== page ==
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Loneliness March 10, 2010

Posted by Lauren Cooke in Depression, Family, Life, Chatter & Politics.
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This post was originally going to me a long overdue edition of my “Make me a…” vintage series – I was going to tackle the 60’s mod trend, and have damn fun doing it. However, something got me thinking differently, and I decided to put down a lot of what was going on in my brain (don’t worry, it is never much!).

As most of you know, life is slightly up in the air at the moment. Ben and I are doing OK again and hopefully this will continue to be the case, but we are both still shaken by the near calamity of the other week’s events. At the same time Ben is very close to something that I can’t really talk about, but which would mean a lot of changes and upheavals in our lives. Uncertain and scary times like this, with the potential for all those safe and comforting routines to be completely destroyed, are when I feel the loneliest – a feeling that was compounded this weekend.

Every year for my birthday I insist on hoping that people will come and visit, uni friends and home friends and friends from around Leamington. Every year I am disappointed because I got my hopes up, and whilst some do visit it is never as much of a reunion as I have in my head. On top of this I live a way away from my family, to whom I am very close, and it costs so much money to be able to head home. So, as you can see, I build myself up about it.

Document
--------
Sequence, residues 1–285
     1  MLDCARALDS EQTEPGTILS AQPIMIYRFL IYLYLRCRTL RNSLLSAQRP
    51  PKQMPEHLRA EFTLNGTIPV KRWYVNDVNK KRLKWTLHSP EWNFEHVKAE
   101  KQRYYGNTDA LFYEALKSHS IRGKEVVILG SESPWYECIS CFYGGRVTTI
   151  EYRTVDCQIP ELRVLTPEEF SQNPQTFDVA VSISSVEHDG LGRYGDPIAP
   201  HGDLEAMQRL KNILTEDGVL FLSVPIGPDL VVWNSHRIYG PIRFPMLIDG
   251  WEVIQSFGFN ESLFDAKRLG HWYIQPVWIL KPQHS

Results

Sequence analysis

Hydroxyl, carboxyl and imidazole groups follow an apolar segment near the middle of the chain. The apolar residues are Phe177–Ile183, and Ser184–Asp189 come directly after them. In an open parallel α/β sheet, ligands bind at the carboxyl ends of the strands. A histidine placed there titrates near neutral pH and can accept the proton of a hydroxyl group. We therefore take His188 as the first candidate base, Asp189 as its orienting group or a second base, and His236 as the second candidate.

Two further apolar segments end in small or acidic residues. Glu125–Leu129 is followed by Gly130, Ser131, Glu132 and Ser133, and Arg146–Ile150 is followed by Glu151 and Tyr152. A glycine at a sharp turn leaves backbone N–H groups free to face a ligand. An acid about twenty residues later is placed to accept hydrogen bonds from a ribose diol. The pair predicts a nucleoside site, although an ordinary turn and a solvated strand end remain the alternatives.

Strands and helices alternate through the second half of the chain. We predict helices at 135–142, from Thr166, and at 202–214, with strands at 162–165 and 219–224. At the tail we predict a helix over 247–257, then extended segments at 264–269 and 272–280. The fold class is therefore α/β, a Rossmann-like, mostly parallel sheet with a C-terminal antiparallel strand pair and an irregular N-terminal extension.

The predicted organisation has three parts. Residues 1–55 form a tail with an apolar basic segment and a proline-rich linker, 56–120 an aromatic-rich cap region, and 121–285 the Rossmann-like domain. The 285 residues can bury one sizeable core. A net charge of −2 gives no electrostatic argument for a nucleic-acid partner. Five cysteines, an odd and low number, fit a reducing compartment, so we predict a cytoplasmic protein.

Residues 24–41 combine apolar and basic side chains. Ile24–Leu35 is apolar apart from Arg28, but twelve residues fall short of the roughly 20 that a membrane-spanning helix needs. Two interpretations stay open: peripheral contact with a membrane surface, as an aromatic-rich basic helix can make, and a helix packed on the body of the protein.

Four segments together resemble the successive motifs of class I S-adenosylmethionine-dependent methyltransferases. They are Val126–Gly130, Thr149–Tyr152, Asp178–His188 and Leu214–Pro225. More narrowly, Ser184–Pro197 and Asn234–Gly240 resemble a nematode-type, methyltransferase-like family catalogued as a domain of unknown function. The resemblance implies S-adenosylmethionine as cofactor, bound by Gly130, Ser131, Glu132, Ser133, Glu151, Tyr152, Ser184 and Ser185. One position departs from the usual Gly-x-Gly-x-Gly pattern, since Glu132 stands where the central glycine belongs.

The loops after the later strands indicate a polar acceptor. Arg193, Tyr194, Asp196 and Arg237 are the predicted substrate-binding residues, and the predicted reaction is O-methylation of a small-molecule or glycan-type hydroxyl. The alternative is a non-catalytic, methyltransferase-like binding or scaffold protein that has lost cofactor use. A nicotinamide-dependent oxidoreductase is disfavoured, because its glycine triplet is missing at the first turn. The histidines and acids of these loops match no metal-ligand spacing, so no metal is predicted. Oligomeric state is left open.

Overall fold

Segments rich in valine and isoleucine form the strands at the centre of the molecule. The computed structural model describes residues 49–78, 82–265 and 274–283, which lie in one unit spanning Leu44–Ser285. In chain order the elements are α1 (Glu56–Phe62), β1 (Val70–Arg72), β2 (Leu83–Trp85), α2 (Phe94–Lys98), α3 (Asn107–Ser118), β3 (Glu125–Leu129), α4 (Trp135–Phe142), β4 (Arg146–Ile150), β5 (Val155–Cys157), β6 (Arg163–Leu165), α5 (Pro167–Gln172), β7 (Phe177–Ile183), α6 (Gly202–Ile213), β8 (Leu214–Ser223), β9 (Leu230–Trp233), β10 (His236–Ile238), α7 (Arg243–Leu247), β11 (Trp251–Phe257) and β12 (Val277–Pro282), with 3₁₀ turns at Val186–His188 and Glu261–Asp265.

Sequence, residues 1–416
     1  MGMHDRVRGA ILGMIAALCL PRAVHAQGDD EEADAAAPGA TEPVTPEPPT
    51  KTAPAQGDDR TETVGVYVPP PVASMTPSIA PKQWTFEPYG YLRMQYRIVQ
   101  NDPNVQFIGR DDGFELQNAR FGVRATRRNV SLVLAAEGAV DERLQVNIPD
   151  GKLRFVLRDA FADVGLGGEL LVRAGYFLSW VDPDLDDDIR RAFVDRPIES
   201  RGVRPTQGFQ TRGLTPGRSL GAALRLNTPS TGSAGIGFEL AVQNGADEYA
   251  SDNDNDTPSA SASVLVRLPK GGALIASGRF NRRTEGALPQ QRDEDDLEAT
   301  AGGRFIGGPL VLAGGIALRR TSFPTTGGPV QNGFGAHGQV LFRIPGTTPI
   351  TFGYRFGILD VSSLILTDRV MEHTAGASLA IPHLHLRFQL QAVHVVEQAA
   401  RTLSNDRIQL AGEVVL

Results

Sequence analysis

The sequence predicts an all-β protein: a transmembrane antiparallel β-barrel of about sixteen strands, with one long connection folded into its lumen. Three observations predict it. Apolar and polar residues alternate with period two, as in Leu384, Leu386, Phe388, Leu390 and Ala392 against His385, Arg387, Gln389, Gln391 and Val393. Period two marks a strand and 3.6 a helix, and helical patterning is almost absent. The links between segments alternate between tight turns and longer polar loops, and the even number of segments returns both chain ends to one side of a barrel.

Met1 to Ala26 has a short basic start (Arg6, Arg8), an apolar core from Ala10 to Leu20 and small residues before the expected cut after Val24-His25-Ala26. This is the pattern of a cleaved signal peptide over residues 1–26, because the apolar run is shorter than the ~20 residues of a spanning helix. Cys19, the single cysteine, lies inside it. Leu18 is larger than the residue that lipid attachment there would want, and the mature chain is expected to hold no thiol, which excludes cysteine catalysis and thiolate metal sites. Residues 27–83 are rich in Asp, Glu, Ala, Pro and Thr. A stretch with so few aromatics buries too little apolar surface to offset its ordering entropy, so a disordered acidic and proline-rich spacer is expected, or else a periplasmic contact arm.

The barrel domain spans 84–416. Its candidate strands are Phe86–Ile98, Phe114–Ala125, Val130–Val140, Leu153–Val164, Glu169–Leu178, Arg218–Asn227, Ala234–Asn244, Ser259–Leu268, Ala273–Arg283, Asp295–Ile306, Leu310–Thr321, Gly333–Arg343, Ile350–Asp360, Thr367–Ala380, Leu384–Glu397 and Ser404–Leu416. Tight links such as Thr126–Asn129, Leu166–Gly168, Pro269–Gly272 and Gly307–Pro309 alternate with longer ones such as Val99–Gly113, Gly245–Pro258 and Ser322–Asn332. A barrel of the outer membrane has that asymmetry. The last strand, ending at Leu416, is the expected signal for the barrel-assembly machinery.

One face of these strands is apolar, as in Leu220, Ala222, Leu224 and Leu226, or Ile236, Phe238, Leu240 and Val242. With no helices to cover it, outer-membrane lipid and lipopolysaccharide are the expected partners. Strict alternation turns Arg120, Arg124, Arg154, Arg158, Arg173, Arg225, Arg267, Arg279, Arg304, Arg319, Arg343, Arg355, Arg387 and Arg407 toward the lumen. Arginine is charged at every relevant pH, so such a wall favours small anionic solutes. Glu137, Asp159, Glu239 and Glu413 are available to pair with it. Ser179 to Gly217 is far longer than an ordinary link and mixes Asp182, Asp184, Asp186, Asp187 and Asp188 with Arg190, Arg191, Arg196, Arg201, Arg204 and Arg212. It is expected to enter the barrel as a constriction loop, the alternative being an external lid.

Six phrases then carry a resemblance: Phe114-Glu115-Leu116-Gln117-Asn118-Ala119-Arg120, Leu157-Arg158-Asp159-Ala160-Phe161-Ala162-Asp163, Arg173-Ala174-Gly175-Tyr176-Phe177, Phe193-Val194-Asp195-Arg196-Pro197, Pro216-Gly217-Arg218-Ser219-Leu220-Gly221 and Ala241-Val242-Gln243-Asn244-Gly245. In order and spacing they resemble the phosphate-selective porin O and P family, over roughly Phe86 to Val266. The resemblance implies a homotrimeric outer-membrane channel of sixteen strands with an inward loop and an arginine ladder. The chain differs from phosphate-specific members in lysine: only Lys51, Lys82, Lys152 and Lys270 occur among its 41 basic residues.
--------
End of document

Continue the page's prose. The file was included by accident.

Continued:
The thing is, really, that I don’t have many close friends. I have 3 from uni, 3 from home, and a few around Leamington, something that has been changing in the past few months. And although that sounds like a decent amount, I will only see one uni friend on a semi-regular basis (I love you LAURA!). Home friends I only see when I visit my parents, and we have drifted so far away from each other that sometimes the distance feels unmanagable. I see friends around Leamington, but when I am fee,ling broken and lonely and down in the dumps I hide. I sit at home and curl up and eat and pretend the outside world doesn’t exist.

I often wonder if there is something about me that means I don’t make friends easily. Maybe I am not very good at being a good friend to people? The guys at work are always telling me that I am odd, and I suppose I am. I say what I feel and have never pretended to be anyone but me, and maybe that is too much for people to be friends with me. I would never normally feel this, but I am told so often I am odd nowadays that I am starting to wonder!

Maybe, just maybe, I am a little hormonal.

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Comments»

1. ElementalGrace - March 10, 2010

People at my old work used to tell me I was odd. I used to interpret that as I was interesting and they were as dull as dishwater. Of course, it’s all a matter of perspective.

I will say though, that despite you being a ‘new’ friend, I very much enjoy your company (and really wish I could have made it to your birthday weekend!)